Permanent-Magnet (PM) Motors
- The permanent magnet (PM) motor differs from the wound-field DC motor in one respect: the PM motor gets its field from a permanent magnet, whereas in the wound-field DC motor, the field is created when the field current flows through the field coils.
- In the wound-field motor, the flux is constant only as long as the field current is held constant. But in contrast, in the PM motor, the flux is always constant.
- The power produced by any motor is given by:
Where, P° = output power (in hp)
T= Torque (in Ib – ft)
Nrt = rotor speed (in r/min)
- The output power is thus proportional to the product of torque and speed.
Permanent magnet motors can be divided into 3 types:
- Conventional PM Motor
- Moving Coil Motor
- Brushless DC Motor
Conventional PM Motor
Conventional permanent magnet electric motors include a rotor assembly having pole permanent magnets bonded to a rotor hub and contained within a non-magnetic metal sleeve. Conventional rotor assemblies have included a non-magnetic material such as example plastic between each of the permanent magnets to maintain a desired orientation of the permanent magnets on the rotor hub. An interference fit between the metal sleeve and permanents magnets tightly against the rotor.
Moving Coil Rotor
The moving-coil motor (MCM), although still a PM motor, differs from the conventional PM motor primary in the armature. The MCM is a result of an engineering requirement that motors have high torque, low rotor inertia, and low electrical time constant. These requirements are met in the MCM.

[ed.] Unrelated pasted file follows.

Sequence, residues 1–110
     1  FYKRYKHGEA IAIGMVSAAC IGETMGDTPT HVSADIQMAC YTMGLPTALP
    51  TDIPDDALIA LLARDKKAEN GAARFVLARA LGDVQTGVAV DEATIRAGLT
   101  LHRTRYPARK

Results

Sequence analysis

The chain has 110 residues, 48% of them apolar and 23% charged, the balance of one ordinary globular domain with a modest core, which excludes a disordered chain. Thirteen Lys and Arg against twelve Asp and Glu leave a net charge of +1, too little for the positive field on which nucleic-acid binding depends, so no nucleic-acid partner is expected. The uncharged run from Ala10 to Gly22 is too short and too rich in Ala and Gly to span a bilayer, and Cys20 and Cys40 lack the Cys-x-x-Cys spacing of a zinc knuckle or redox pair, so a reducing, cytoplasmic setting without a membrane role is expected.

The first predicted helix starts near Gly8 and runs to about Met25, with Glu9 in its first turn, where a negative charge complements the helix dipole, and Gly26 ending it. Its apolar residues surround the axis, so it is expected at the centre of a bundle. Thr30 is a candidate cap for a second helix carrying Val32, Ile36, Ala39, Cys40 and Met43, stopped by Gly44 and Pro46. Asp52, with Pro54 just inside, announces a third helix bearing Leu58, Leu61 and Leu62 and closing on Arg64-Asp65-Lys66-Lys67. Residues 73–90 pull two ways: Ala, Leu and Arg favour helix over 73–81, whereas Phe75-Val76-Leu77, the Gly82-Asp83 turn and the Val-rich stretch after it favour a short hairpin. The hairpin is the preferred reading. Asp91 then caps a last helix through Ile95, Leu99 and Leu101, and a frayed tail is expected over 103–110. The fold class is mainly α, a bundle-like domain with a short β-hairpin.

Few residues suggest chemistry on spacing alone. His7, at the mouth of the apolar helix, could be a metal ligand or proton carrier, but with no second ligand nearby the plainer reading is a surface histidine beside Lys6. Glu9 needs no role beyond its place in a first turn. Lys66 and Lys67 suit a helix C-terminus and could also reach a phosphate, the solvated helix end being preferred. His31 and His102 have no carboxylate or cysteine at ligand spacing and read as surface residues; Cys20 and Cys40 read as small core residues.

A case may be made that all motors produced torque. All motors could, therefore, be called torque motors. However, a torque motor is different from more other DC motors in that it is required to run for long periods in a stalled or low-speed condition. Not all DC motors are designed for this operation. A low emf means that a large amount of armature current will flow. Most conventional DC motors are not designed to dissipate the heat this large current will create. But torque motors are designed to be run under a low speed or a stalled condition for long periods of time and are used in such applications as spooling or tape drives. In spooling applications, the tension is often controlled by a torque motor.
- A stepper motor is a truly digital motor.
- After the rotor makes a step it stops until it receives a pulse.
- A stepper motor is an electromechanical device which converts electrical pulses into discrete mechanical movements.
- The shaft or spindle of a stepper motor rotates in discrete step increments when electrical command pulses are applied to it in the proper sequence.
- The motor’s rotation has several direct relationships to these applied input pulses.
- The sequence of the applied pulses is directly related to the direction of motor shaft rotation. The speed of the motor shafts rotation is directed related to the frequency of the input pulses and the length of rotation is directly related to the number of input pulses applied.